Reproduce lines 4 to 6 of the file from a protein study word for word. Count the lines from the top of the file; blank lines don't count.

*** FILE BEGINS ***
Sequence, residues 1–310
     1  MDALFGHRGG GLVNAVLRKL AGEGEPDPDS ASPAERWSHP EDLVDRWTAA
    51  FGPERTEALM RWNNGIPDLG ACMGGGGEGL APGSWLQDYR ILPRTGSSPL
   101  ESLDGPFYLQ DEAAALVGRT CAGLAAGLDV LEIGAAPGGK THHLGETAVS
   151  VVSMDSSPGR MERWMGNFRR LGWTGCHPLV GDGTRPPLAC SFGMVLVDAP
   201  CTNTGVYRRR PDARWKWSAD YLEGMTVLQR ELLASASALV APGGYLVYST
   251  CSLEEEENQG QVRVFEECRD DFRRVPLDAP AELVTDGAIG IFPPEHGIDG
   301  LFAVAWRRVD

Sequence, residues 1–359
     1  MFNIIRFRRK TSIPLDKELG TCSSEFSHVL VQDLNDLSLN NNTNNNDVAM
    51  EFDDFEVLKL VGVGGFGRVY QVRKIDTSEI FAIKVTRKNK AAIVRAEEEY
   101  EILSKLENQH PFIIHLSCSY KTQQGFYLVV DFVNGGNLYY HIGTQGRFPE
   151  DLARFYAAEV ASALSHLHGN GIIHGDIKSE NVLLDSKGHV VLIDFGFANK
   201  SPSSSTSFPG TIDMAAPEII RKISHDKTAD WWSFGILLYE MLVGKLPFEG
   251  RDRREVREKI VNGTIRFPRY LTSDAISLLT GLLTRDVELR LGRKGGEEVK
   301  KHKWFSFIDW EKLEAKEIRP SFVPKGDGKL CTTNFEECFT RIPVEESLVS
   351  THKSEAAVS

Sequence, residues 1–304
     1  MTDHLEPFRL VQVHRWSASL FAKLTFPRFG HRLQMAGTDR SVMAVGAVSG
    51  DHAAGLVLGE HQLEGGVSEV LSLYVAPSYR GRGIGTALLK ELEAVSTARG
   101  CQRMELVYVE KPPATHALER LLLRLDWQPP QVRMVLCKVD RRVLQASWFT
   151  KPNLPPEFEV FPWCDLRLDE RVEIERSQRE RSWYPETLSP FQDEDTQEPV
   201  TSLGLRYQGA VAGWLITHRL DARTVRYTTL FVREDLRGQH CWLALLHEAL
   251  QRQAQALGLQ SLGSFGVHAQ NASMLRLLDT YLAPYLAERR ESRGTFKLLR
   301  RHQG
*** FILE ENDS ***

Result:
   101  ESLDGPFYLQ DEAAALVGRT CAGLAAGLDV LEIGAAPGGK THHLGETAVS
   151  VVSMDSSPGR MERWMGNFRR LGWTGCHPLV GDGTRPPLAC SFGMVLVDAP
   201  CTNTGVYRRR PDARWKWSAD YLEGMTVLQR ELLASASALV APGGYLVYST